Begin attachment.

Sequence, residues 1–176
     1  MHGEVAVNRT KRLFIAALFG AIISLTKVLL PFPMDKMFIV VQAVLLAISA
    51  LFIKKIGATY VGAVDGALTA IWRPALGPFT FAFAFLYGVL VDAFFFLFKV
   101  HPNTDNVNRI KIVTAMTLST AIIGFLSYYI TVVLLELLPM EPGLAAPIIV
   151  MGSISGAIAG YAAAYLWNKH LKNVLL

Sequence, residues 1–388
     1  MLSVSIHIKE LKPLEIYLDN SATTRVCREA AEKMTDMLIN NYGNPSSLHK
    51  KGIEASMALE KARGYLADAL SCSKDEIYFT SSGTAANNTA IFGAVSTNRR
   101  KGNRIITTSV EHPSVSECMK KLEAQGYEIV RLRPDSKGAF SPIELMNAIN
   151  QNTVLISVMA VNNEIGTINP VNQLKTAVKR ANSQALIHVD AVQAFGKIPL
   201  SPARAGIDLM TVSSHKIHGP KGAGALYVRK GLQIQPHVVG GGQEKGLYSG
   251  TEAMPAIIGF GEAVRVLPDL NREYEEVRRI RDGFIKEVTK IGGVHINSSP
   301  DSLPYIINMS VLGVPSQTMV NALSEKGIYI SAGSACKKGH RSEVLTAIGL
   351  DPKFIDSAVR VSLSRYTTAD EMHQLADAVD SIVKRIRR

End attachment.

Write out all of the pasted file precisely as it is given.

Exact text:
Sequence, residues 1–176
     1  MHGEVAVNRT KRLFIAALFG AIISLTKVLL PFPMDKMFIV VQAVLLAISA
    51  LFIKKIGATY VGAVDGALTA IWRPALGPFT FAFAFLYGVL VDAFFFLFKV
   101  HPNTDNVNRI KIVTAMTLST AIIGFLSYYI TVVLLELLPM EPGLAAPIIV
   151  MGSISGAIAG YAAAYLWNKH LKNVLL

Sequence, residues 1–388
     1  MLSVSIHIKE LKPLEIYLDN SATTRVCREA AEKMTDMLIN NYGNPSSLHK
    51  KGIEASMALE KARGYLADAL SCSKDEIYFT SSGTAANNTA IFGAVSTNRR
   101  KGNRIITTSV EHPSVSECMK KLEAQGYEIV RLRPDSKGAF SPIELMNAIN
   151  QNTVLISVMA VNNEIGTINP VNQLKTAVKR ANSQALIHVD AVQAFGKIPL
   201  SPARAGIDLM TVSSHKIHGP KGAGALYVRK GLQIQPHVVG GGQEKGLYSG
   251  TEAMPAIIGF GEAVRVLPDL NREYEEVRRI RDGFIKEVTK IGGVHINSSP
   301  DSLPYIINMS VLGVPSQTMV NALSEKGIYI SAGSACKKGH RSEVLTAIGL
   351  DPKFIDSAVR VSLSRYTTAD EMHQLADAVD SIVKRIRR